What Wolfert desparately needed was an editor with a drawerful of blue pencils. At half the length, Married Men might still come off a bit leaden, but it would at least have been able to maintain a livelier narrative pace.
A ruthless editor would certainly have eliminated many of Wolfert’s relentless ruminations on his characters’ thoughts, acts, and motives. Here, for example, is just the start of the Byzantine labyrinth he constructs around one minor character’s decision to quit Olmstead’s company:
Roy Warrener did not understand very clearly why or how, but the issue had become a drastic one for him. Krause had allowed his own name to be used on the letterhead of Oscar’s commission only to find out what Oscar was up to. Then, when Olmstead Metals started building its own hospital and the issue with Oscar was joined, he had withdrawn his name.
But Roy had had his name put on the letterhead for other reasons. He was forty-two at that time, of middling height, brown-haired and hazel-eyed, with a worn, lined face that was comfortable to look at because it seemed so honest. He was indeed an honest man and he had an honest heart.
As a medical student Roy had hoped eventually to specialize in obstetrics. But it was only a kind of inclination in him, and Alice Banniman was a passion. Alice was one of the poor relations of the Bannimans. Her father had been the older brother of Claude and Virginia. But he had broken with the family and had spent his life as a counter-jumper at Bushforth & Kopfers.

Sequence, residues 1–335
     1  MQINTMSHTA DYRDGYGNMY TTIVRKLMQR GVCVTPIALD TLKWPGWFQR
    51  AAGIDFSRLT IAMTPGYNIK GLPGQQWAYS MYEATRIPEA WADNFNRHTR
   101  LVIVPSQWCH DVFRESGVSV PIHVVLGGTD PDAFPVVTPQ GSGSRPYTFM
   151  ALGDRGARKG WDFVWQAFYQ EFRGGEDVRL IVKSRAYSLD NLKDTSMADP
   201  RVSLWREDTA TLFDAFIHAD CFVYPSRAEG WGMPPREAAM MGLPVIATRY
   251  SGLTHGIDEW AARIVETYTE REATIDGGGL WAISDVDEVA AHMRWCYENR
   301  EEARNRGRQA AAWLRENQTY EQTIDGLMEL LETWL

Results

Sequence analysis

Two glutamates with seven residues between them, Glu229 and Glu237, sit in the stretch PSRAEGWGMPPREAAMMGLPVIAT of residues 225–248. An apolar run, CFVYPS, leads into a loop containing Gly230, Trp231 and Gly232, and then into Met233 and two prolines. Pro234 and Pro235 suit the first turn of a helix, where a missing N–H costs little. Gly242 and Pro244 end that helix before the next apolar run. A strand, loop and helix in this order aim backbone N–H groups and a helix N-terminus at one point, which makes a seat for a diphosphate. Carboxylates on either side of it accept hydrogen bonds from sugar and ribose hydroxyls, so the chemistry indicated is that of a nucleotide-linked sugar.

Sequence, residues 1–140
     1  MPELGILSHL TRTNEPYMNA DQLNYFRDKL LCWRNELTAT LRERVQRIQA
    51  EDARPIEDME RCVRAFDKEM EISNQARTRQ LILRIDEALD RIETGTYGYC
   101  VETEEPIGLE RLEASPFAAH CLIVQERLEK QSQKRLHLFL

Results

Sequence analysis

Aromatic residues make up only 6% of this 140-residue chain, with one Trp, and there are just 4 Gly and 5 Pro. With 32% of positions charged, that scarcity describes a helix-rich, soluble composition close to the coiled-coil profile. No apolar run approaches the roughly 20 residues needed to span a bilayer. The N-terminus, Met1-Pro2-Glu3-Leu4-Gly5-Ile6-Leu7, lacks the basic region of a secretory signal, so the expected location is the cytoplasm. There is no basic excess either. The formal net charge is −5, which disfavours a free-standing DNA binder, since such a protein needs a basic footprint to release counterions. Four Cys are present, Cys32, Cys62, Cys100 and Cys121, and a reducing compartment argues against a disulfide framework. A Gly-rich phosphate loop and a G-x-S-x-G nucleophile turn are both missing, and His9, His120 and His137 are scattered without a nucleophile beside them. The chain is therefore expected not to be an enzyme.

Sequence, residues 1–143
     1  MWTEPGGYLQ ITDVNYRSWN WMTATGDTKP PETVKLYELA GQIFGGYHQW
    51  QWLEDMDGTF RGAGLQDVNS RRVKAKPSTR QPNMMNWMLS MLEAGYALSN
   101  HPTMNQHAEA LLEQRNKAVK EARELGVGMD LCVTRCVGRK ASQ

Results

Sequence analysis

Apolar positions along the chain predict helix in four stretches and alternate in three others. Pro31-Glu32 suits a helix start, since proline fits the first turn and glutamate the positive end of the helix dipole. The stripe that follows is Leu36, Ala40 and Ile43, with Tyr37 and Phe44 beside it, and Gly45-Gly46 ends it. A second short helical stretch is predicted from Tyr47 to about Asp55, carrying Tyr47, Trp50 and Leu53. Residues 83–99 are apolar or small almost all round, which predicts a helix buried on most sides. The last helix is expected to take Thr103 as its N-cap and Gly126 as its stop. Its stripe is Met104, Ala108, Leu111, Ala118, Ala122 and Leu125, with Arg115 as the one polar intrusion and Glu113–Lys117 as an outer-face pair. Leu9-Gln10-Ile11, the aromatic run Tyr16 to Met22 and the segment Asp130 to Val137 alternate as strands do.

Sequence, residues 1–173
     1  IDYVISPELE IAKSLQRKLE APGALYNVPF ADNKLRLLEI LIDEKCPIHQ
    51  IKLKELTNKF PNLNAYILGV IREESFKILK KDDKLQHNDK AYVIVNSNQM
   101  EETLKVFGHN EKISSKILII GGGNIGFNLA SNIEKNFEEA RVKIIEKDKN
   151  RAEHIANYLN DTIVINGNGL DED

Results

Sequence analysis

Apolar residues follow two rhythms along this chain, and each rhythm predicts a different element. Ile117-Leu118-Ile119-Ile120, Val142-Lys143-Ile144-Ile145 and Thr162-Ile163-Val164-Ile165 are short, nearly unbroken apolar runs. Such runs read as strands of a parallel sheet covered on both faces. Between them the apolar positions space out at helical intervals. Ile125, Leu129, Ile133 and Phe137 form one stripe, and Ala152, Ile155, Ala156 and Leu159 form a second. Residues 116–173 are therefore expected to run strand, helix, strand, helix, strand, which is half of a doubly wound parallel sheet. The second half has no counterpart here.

This goes meandering on through family history, city and company politics, and Roy Warrener’s reflections upon them until, four pages and roughly two thousand words later, we arrive at the point: Roy “had taken a lot of crap” from Claude” (Banniman, Roy’s wife Alice’s uncle, an Olmstead Metals executive and dirty old man). Then, just a few pages later, Wolfert quotes in entirety one of Roy’s early letters to Alice: a four-paragraph invitation to a party with an eight-paragraph P.S. that tells a long-winded anecdote about an aged patient of his who had just died. Alice somehow managed to look past Roy’s gaseous writing, much as a reader who expects to finish Married Men must look past many more pages of Wolfert’s.
Wolfert once wrote that, “I write novels that are objective, naturalistic, realistic works of reportage and social comment. They contain all the poetry, painting and music of which I am capable.” Then he added the telling remark, “It may seem that I am trying to ride off in all directions at once, but actually I ride in one direction: the direction of recording experiences objectively.” If there is one sense conspicuously missing from Married Men, it’s objectivity.
That’s not to suggest that the book is bereft of anything worthwhile. There are some very strong and visceral passages, such as the endless night of drinking and bar-hopping that Wes and a fellow young executive spend early on in the novel, which culminates in a meticulous account of a cockfight. It’s pretty unpleasant stuff but unquestionably powerful writing. And Wolfert does lay out a vast design for his story, taking in countless business and political deals and featuring characters ranging from a night watchman to a vaudeville dance act to a J. P. Morgan-like New York financier. But, in the end, there is just too much of “the arbitrary and the accidental” to allow Wolfert’s loose, baggy monster to wrestle itself into coherent shape.
It may say something about the artistic toll that Married Men took on Ira Wolfert that he never again attempted the novel form.